Wilbert's asks, What's it worth to ya?

As the economy continues to falter, concert promoters and nightclub owners are getting creative as they vie for a cut of your paycheck. The world’s biggest concert promoter is dealing in volume. And in downtown Cleveland, one club owner is using a performance-based honor system.

This week, Wilbert’s owner Michael Miller has debuted a model he calls “FPAYG,” which is short for “Free! Pay as You Go.” For 21 of the 27 shows on his schedule, music fans can enter for free. If they enjoy the show, he asks they give the band a few bucks on the way out. (Miller says some bands play just for the door. Some play for a guaranteed minimum. For some shows, the venue and bands split the take.)

In recent months, Miller had been experimenting with suggested donations — usually around $6 — for local acts. He’s usually glad to work cheap: Located just across from Progressive Field, he’ll let patrons in free with an Indians stub. Miller says he got the idea for the FPAYG model from a video of a presentation at this year’s NAMM (National Association of Music Merchants) convention. The free model is based on two ideas: to motivate people to come out, and to give people a reason to spend money.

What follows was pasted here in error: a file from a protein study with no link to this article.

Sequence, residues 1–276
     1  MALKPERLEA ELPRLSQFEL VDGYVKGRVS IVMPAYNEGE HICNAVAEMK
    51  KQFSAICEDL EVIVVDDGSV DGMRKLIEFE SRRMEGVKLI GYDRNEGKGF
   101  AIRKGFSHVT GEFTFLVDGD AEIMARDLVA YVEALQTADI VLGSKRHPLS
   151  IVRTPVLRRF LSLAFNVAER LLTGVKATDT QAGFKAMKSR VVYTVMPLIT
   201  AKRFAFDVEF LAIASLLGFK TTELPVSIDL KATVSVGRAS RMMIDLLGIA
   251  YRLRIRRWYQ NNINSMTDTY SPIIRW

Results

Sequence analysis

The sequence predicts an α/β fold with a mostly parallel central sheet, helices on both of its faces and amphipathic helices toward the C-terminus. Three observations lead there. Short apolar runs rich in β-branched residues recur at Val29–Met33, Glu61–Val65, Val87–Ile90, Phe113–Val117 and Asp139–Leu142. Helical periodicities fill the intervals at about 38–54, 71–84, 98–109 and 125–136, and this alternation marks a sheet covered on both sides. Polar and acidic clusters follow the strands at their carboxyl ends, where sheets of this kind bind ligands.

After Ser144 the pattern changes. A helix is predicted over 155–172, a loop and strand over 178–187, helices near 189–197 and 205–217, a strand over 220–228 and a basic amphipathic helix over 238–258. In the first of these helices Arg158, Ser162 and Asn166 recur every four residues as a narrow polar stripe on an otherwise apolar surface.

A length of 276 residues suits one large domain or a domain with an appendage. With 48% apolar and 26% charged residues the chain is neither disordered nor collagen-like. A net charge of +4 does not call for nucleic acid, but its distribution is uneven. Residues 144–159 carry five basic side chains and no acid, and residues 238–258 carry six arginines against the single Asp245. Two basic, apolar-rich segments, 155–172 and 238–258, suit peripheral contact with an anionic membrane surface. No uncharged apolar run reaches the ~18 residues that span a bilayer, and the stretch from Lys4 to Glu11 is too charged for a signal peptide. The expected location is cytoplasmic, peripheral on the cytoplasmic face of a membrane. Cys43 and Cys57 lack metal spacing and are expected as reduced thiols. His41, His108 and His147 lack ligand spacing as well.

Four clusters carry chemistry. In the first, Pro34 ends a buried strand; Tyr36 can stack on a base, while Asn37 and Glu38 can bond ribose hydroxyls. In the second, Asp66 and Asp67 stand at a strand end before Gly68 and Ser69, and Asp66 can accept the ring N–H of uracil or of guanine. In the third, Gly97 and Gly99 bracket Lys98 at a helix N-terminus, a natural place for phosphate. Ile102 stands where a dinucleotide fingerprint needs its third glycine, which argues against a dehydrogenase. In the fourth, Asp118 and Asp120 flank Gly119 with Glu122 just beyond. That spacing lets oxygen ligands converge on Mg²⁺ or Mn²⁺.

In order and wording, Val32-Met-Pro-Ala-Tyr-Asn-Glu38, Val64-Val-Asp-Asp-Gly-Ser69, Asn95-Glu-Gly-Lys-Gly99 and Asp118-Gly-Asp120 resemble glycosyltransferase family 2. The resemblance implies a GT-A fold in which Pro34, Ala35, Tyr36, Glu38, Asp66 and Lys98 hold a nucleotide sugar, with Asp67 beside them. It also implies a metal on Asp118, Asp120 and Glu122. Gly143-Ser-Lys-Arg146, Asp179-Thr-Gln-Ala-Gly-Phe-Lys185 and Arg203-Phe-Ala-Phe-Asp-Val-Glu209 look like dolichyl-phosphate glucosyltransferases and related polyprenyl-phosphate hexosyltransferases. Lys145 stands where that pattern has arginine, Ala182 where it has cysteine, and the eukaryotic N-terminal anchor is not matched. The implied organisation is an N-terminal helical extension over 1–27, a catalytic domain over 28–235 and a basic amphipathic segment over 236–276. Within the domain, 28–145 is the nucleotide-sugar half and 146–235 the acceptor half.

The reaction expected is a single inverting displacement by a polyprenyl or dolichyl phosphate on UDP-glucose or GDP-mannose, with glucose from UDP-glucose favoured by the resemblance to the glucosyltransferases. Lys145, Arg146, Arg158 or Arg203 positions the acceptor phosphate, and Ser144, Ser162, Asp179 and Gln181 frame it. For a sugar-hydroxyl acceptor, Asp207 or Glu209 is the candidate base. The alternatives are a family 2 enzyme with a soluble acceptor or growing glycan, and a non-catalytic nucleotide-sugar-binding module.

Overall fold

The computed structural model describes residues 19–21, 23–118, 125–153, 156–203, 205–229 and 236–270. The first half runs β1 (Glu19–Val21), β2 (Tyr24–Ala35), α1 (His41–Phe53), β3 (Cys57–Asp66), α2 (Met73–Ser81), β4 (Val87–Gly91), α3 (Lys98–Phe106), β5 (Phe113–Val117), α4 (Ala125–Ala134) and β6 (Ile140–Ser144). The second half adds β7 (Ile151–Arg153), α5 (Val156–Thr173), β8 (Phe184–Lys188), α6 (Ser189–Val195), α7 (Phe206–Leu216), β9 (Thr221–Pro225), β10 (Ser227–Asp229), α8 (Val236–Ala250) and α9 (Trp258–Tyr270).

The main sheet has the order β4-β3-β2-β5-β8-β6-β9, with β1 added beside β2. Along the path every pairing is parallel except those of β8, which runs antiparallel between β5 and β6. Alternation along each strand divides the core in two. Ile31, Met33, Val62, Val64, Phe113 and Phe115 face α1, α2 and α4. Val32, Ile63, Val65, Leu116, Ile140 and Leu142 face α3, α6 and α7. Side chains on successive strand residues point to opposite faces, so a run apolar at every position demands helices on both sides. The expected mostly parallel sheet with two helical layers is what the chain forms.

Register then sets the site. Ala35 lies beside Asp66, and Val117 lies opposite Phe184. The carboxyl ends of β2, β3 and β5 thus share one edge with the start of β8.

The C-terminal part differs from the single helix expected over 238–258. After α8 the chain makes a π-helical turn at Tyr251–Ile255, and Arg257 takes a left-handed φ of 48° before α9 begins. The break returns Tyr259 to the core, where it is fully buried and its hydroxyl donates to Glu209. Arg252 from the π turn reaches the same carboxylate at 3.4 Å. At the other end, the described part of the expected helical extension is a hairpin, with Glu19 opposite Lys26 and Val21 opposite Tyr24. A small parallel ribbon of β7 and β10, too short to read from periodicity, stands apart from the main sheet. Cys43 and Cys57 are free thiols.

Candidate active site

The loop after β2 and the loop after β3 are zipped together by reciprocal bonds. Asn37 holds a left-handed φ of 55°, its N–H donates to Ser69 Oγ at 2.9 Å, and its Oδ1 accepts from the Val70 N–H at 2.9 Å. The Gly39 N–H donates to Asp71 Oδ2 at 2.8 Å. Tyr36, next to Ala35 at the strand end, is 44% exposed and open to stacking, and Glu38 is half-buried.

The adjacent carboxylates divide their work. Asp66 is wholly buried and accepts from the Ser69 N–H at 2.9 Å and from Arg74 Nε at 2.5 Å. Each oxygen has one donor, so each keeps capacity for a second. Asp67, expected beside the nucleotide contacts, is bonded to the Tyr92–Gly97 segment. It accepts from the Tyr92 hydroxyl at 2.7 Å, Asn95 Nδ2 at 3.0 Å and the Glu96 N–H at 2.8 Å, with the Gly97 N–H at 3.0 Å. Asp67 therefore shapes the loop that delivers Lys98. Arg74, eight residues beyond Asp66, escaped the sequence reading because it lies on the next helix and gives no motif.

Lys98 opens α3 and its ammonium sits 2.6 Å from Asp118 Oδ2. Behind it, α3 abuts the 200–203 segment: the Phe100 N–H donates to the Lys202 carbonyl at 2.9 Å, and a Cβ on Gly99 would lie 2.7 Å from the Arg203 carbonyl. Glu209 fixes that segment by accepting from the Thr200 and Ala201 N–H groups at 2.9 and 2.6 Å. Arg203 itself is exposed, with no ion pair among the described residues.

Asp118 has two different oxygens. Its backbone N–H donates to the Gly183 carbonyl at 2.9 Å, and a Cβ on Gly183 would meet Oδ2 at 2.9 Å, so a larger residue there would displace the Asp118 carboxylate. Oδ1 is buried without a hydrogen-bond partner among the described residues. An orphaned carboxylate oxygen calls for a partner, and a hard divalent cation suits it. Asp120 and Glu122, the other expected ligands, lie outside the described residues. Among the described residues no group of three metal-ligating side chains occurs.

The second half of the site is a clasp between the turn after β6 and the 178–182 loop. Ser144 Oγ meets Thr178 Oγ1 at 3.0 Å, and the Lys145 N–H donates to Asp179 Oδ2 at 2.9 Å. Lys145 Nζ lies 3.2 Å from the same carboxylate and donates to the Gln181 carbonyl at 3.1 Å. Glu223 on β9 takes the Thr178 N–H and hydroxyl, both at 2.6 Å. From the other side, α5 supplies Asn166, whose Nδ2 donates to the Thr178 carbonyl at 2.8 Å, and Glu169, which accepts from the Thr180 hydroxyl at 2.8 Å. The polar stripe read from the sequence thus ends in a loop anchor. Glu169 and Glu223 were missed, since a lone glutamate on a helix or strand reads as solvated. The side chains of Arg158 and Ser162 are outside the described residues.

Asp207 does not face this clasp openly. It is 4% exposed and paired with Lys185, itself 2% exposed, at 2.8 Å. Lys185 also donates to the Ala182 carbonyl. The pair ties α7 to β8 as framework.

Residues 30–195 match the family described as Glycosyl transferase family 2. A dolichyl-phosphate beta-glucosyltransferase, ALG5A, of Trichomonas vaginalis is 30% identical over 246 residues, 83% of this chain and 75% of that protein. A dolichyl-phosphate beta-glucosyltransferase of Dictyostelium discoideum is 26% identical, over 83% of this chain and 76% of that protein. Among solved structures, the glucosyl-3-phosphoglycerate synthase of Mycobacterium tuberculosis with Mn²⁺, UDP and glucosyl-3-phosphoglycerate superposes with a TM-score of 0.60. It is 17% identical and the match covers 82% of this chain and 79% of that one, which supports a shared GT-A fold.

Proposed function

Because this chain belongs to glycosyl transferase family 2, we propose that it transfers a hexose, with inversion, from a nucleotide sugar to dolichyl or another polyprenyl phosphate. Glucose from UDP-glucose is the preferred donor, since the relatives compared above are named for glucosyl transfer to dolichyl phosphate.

“My thinking is, ‘OK, free, and pay what you think [the acts] deserve,” explains Miller. “What I get from it is, they want customers and I want customers. It’s putting the value directly on the customer: ‘What do you value on it?’”

Miller, who makes his money on food and liquor sales, says the acts understand the need for some flexibility. “Most of the bands I book want to play to more people,” says Miller.

“I don’t know if this is an effective model, but am certainly willing to try it,” says Jeremy Mackinder, bassist of Whitey Morgan and the 78s, a Michigan band that plays Cleveland regularly. “I really look forward to the gig, and I hope that this plan works out well for both the club and ourselves.”
Small independent clubs aren’t the only ones feeling the pinch. This season, Live Nation — the world’s largest concert promoter, which owns the House of Blues chain and books concerts at Quicken Loans Arena, Blossom and Time Warner Cable Amphitheater at Tower City — has been offering “four-pack” deals for most shows. From club concerts to Blossom shows, fans can buy four tickets for a discount that usually amounts to a free ticket.

“It’s very popular and appealing with people who are traveling in a group or on the bubble of whether to got to a show,” says Michael Belkin, senior vice-president of Live Nation’s Midwest division. “It’s no mystery what’s going on in the world in 2009. Our mission statement is to keep people coming to concerts.” — D.X. Ferris

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